The department filed a deferred prosecution agreement and a criminal information today against Snamprogetti in U.S. District Court for the Southern District of Texas. The two-count information charges Snamprogetti with one count of conspiracy and one count of aiding and abetting violations of the FCPA. During the relevant time period, Snamprogetti, a Dutch corporation headquartered in Amsterdam, The Netherlands, was a wholly owned subsidiary of Snamprogetti S.p.A., an Italian EPC company headquartered in Milan, Italy.

Snamprogetti, Kellogg Brown & Root Inc. (KBR), Technip S.A. (Technip) and an engineering and construction company headquartered in Yokohama, Japan, were part of a four-company joint venture that was awarded four EPC contracts by Nigeria LNG Ltd. (NLNG), between 1995 and 2004 to build LNG facilities on Bonny Island. The government-owned Nigerian National Petroleum Corporation (NNPC) was the largest shareholder of NLNG, owning 49 percent of the company.

According to court documents, Snamprogetti authorized the joint venture to hire two agents, Jeffrey Tesler and a Japanese trading company, to pay bribes to a range of Nigerian government officials, including top-level executive branch officials, to assist Snamprogetti and the joint venture in obtaining the EPC contracts. At crucial junctures preceding the award of EPC contracts, Snamprogetti's co-conspirators met with successive holders of a top-level office in the executive branch of the Nigerian government to ask the office holders to designate a representative with whom the joint venture should negotiate bribes to Nigerian government officials. The joint venture paid approximately $132 million to a Gibraltar corporation controlled by Tesler and more than $50 million to the Japanese trading company during the course of the bribery scheme. According to court documents, Snamprogetti intended for these payments to be used, in part, for bribes to Nigerian government officials.

Under the terms of the deferred prosecution agreement, the department agreed to defer prosecution of Snamprogetti for two years. Snamprogetti, its current parent company, Saipem S.p.A., and its former parent company, ENI S.p.A. (ENI), agreed to ensure that their compliance programs satisfied certain standards and to cooperate with the department in ongoing investigations. If Snamprogetti and its current and former parent companies abide by the terms of the deferred prosecution agreement, the department will dismiss the criminal information when the term of the agreement expires.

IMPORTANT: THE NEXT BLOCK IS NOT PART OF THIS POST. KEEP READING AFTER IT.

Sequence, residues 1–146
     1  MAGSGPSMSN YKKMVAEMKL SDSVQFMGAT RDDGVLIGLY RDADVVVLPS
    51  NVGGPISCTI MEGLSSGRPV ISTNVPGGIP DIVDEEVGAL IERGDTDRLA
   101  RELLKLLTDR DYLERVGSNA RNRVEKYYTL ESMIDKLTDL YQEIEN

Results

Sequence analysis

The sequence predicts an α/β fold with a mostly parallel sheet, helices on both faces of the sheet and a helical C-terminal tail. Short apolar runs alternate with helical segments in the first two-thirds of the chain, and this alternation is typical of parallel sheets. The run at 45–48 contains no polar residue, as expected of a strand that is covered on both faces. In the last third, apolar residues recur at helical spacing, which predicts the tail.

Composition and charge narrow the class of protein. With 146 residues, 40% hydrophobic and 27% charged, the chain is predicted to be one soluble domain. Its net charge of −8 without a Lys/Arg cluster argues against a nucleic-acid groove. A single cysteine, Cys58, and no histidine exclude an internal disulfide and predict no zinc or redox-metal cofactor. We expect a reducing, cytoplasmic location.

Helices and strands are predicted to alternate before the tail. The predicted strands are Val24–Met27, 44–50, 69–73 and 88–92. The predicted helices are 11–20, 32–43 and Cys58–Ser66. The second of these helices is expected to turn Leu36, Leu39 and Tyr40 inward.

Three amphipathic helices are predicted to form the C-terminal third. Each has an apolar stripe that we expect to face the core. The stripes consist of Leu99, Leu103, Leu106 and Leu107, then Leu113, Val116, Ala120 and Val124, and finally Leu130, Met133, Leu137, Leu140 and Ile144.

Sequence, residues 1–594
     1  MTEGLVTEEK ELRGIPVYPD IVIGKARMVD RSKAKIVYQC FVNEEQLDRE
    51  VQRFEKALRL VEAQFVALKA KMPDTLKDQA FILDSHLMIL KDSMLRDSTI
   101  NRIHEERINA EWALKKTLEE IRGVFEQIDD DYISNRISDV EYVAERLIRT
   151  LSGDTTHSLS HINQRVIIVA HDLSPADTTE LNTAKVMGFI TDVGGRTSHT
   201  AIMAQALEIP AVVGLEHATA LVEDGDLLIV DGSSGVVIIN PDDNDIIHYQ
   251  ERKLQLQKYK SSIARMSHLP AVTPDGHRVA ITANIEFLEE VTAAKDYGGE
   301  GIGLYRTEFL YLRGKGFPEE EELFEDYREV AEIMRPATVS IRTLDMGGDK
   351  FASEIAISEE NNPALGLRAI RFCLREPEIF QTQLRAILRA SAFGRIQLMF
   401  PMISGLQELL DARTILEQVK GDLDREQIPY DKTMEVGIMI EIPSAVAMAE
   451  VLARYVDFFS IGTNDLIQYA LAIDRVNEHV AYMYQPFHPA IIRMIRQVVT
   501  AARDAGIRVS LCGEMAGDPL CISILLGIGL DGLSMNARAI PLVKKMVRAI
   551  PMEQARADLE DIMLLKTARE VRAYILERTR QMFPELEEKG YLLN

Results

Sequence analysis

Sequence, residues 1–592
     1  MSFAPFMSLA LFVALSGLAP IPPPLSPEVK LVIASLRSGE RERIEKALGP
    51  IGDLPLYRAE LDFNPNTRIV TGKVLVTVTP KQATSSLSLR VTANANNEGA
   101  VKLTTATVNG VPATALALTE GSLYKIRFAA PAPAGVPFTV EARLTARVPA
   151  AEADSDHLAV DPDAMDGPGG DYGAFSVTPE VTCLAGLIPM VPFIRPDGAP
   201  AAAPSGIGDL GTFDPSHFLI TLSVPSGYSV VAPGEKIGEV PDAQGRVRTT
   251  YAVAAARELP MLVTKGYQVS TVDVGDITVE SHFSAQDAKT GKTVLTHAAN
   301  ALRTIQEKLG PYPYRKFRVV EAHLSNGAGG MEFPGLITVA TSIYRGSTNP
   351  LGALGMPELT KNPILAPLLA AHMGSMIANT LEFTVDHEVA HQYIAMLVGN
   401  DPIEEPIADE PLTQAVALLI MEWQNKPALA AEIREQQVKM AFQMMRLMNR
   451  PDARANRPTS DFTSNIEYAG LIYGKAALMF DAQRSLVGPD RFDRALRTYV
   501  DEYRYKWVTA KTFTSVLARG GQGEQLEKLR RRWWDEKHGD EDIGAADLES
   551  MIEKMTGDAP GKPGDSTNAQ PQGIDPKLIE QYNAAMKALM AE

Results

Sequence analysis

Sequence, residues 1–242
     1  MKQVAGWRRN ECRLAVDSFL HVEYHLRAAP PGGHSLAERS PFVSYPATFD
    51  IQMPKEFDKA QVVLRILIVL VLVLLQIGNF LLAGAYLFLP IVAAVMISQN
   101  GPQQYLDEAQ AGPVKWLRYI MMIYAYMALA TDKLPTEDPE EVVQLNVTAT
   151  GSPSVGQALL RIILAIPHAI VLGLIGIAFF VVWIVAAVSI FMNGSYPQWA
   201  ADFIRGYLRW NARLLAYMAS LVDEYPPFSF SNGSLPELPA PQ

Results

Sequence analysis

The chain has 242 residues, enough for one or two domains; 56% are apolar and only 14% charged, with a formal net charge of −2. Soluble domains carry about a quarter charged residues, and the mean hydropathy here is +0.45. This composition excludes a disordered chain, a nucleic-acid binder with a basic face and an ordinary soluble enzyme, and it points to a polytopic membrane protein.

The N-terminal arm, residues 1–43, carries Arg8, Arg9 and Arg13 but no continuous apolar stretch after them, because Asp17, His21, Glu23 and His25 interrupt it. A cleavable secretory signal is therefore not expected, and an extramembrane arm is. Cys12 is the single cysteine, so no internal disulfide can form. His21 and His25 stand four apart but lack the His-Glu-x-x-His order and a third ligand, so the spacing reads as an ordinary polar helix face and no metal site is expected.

In related cases, KBR's former CEO, Albert "Jack" Stanley, pleaded guilty in September 2008 to conspiring to violate the FCPA for his participation in the bribery scheme, while KBR's successor company, Kellogg Brown & Root LLC, pleaded guilty in February 2009 to charges related to the FCPA for its participation in the scheme to bribe Nigerian government officials. Kellogg Brown & Root LLC was ordered to pay a $402 million fine and to retain an independent compliance monitor for a three-year period to review the design and implementation of its compliance program. In addition, Tesler and Wojciech Chodan, a former salesperson and consultant of a United Kingdom subsidiary of KBR, were indicted in February 2009 on charges related to the FCPA for their alleged participation in the bribery scheme. The United States has requested these defendants' extradition from the United Kingdom. In another related criminal case, the department filed a deferred prosecution agreement and criminal information against Technip on June 28, 2010. According to that agreement, Technip agreed to pay a $240 million criminal penalty and to retain an independent compliance monitor for two years.

Today, Snamprogetti and ENI also reached a settlement of a related civil complaint filed by the U.S. Securities and Exchange Commission (SEC), charging Snamprogetti with violating the FCPA's anti-bribery provisions, falsifying books and records, and circumventing internal controls and charging ENI with violating the FCPA's books and records and internal controls provisions. As part of that settlement, Snamprogetti and ENI agreed jointly to pay $125 million in disgorgement of profits relating to those violations

"The resolutions in this investigation demonstrate the U.S. government's commitment to identifying and holding accountable all companies and individuals who scheme to bribe foreign government officials to win business," said Principal Deputy Assistant Attorney General Mythili Raman of the Criminal Division. "Snamprogetti and its joint-venture partners conspired to pursue lucrative contracts through a massive bribery scheme - a scheme that has led to more than $1.28 billion in criminal and civil penalties to date. The monetary penalties and enforcement actions that have resulted from this investigation should send a clear message to companies and their employees that using foreign bribery as a means of winning contracts abroad will be punished."